Mike Heiligenstein presently serves as the executive director of the Central Texas Mobility Authority. Mr. Heiligenstein has served in government for over three decades. His previous positions include being a council member at the city of Round Rock, Texas.
Mike Heiligenstein was later elected and served as county commissioner of Williamson County. In these positions Mike helped to develop and acquire parkland including the scenic Brushy Creek Regional Trail. He also helped complete many local transportation projects.
Mr. Heiligenstein attended the University of Texas. He completed both an undergraduate degree and a master’s degree in government. Additionally, Mike holds a masters in business administration from the University of Texas. Besides serving as the executive director at the Central Texas Mobility Authority, he also serves as a board member of the Texas Transportation Institute as well as the International Bridge, Tunnel and Turnpike Association.
Recently, Mike Heiligenstein wrote an opinion article that was published in the Austin-American Statesman online publication. In his article Mr. Heiligenstein was responding to a previous article published by another person in the Statesman about how traffic would increase in the Austin, Texas area and how tech driven solutions were badly needed. Learn more about Central Texas Regional Mobility Authority: http://ctxmobilitymatters.com/about-mike-heiligenstein/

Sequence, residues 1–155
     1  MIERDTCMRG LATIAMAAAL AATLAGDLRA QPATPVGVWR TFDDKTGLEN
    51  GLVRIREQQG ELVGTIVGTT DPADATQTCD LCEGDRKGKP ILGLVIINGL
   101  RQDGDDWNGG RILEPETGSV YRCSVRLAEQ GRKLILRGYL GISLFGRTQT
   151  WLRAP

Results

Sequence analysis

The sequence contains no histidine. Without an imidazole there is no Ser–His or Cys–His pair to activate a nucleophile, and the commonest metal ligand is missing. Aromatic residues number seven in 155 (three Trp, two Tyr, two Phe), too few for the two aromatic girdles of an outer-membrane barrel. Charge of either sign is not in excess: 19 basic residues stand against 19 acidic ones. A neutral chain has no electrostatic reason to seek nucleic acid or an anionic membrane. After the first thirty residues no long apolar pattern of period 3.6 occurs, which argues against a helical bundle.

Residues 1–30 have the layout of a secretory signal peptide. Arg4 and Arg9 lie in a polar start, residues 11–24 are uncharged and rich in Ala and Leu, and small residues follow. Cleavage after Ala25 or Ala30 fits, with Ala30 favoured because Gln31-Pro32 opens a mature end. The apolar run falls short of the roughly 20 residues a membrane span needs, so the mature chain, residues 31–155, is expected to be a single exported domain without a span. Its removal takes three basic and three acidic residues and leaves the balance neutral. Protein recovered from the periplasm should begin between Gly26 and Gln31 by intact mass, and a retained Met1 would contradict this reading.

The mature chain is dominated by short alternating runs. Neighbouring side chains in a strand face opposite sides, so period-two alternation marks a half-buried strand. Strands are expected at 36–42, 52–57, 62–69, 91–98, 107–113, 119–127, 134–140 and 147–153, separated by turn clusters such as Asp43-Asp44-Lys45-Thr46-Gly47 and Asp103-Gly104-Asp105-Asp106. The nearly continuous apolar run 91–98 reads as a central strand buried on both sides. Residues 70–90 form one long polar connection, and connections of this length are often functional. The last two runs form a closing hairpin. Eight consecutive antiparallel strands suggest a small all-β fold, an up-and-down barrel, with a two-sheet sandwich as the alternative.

The following is a brief synopsis of what Mike had to say about Central Texas’ traffic problems and the solutions that are taken to address it by him and the Central Texas Regional Mobility Authority.
An article on Biz Journals revealed that one of the solutions that Mike Heiligenstein and the CTRMA have implemented to help ease traffic congestion in Central Texas is the building of more roads and the expansion of existing ones.
Examples of new roads that have been recently constructed includes 183A that goes through the communities of Cedar Park and Leander and the US 290 toll road that spans from Austin to the town of Manor.
Another way that Mike Heiligenstein says the CTRMA is working to make roads less congested is by partnering with tech firms such as Metropia and Carma. Metropia, which is a mobile application, provides commuters with real time alternative routes to take should there be major traffic jams in the roads they usually take.
Carma is another mobile application that lets commuters find other commuters who are headed towards the same or close destination by car. Using Carma, commuters can then carpool. It is estimated that there are almost 900,000 empty seats on a typical Austin commute during the workday. If carpooling increased, traffic congestion would decrease dramatically.